Do x86 instructions require their own encoding as well as all of their arguments to be present in memory at the same time?


Assembly Problem Overview

I am trying to figure out whether it is possible to run a Linux VM whose RAM is only backed by a single physical page.

To simulate this, I modified the nested page fault handler in KVM to remove the present bit from all nested page table (NPT) entries, except the one corresponding to the currently processed page fault.

While trying to start a Linux guest, I observed that assembly instructions that use memory operands, like

add [rbp+0x820DDA], ebp

lead to a page fault loop until I restore the present bit for the page containing the instruction as well as for the page referenced in the operand (in this example [rbp+0x820DDA]).

I am wondering why this is the case. Shouldn't the CPU access the memory pages sequentially, i.e. first read the instruction and then access the memory operand? Or does x86 require that the instruction page as well as all operand pages are accessible at the same time?

I am testing on AMD Zen 1.

Assembly Solutions

Solution 1 - Assembly

Yes, they do require the machine code and all memory operands.

> Shouldn't the CPU access the memory pages sequentially, i.e. first read the instruction and then access the memory operand?

Yes that's logically what happens, but a page-fault exception interrupts that 2-step process and discards any progress. The CPU doesn't have any way to remember what instruction it was in the middle of when a page-fault occurred.

When a page-fault handler returns after handling a valid page fault, RIP= the address of the faulting instruction, so the CPU retries executing it from scratch.

It would be legal for the OS to modify the machine code of the faulting instruction and expect it to execute a different instruction after iret from the page-fault handler (or any other exception or interrupt handler). So AFAIK it's architecturally required that the CPU redoes code-fetch from CS:RIP in the case you're talking about. (Assuming it even does return to the faulting CS:RIP instead of scheduling another process while waiting for disk on hard page fault, or delivering a SIGSEGV to a signal handler on an invalid page fault.)

It's probably also architecturally required for hypervisor entry/exit. And even if it's not explicitly forbidden on paper, it's not how CPUs work.

@torek comments that Some (CISC) microprocessors partially decode instructions and dump microregister state on a page fault, but x86 is not like that.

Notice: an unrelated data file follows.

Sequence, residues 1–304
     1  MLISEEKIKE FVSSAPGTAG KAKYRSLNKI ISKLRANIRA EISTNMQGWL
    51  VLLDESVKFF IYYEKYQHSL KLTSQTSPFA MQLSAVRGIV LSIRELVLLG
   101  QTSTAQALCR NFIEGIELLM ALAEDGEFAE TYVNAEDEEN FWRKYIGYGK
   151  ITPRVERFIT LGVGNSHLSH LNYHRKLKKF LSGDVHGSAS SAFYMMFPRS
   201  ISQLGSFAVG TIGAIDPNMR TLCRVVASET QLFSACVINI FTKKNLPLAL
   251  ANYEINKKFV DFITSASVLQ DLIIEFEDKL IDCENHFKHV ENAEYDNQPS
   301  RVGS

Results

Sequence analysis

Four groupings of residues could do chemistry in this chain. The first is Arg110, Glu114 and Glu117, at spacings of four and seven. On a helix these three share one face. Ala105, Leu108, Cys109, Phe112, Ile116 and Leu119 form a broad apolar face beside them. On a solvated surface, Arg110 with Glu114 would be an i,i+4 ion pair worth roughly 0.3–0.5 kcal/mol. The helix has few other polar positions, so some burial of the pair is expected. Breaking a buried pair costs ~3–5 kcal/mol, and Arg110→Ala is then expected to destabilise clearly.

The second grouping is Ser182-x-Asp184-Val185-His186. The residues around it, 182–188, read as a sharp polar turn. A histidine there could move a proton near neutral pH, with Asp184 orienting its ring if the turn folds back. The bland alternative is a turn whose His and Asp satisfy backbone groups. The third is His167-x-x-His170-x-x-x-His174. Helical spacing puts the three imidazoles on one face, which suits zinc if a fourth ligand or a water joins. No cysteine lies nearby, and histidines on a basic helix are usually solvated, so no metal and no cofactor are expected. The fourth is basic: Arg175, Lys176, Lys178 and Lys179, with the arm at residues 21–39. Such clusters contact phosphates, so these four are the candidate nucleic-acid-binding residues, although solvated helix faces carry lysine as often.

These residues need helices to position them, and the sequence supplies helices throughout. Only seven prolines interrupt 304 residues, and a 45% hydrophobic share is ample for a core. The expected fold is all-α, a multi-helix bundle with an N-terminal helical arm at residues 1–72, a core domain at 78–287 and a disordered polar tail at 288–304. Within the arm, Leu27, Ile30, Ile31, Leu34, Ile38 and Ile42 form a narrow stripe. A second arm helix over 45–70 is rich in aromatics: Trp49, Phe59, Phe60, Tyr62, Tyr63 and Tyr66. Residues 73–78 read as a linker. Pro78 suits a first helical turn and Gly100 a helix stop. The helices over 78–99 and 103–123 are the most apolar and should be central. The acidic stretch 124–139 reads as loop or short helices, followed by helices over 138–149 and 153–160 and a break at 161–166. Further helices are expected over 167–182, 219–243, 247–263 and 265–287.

A few instructions are interruptible and can make partial progress, like rep movs (memcpy in a can) and other string instructions, or gather loads/scatter stores. But the only mechanism is updating architectural registers like RCX / RSI / RDI for string ops, or the destination and mask registers for gathers (e.g. manual for AVX2 vpgatherdd). Not keeping the opcode / decode results in some hidden internal register and restarting it after iret from a page fault handler. These are instructions that do multiple separate data accesses.

Also keep in mind that x86 (like most ISAs) guarantees that instructions are atomic wrt. interrupts / exceptions: they either fully happen, or don't happen at all, before an interrupt. So for example add [mem], reg would be required to discard the load if the store part faulted, even without a lock prefix.

The worst case number of guest user-space pages present to make forward progress might be 6 (plus separate guest-kernel page-table subtrees for each one):

  • movsq or movsw 2-byte instruction spanning a page boundary, so both pages are needed for it to decode.
  • qword source operand [rsi] also a page-split
  • qword destination operand [rdi] also a page-split

If any of these 6 pages fault, we're back to square one.

rep movsd is also a 2-byte instruction, and making progress on one step of it would have the same requirement. Similar cases like push [mem] or pop [mem] could be constructed with a misaligned stack.

One of the reasons (or side benefits) for/of making gather loads / scatter stores "interruptible" (updating the mask vector with their progress) is to avoid increasing this minimum footprint to execute a single instruction. Also to improve efficiency of handling multiple faults during one gather or scatter.

@Brandon points out in comments that a guest will need its page tables in memory, and the user-space page splits can also be 1GiB splits so the two sides are in different sub-trees of the top level PML4. HW page walk will need to touch all of these guest page-table pages to make progress. A situation this pathological is unlikely to happen by chance.

The TLB (and page-walker internals) are allowed to cache some of the page-table data, and aren't required to restart page-walk from scratch unless the OS did invlpg or set a new CR3 top-level page directory. Neither of these are necessary when changing a page from not-present to present; x86 on paper guarantees that it's not needed (so "negative caching" of not-present PTEs isn't allowed, at least not visible to software). So the CPU might not VMexit even if some of the guest-physical page-table pages are not actually present.

PMU performance counters can be enabled and configured such that the instruction also requires a perf event to a write into a PEBS buffer for that instruction. With a counter's mask configured to count only user-space instructions, not kernel, it could well be that it keeps trying to overflow the counter and store a sample in the buffer every time you return to userspace, producing a page-fault.


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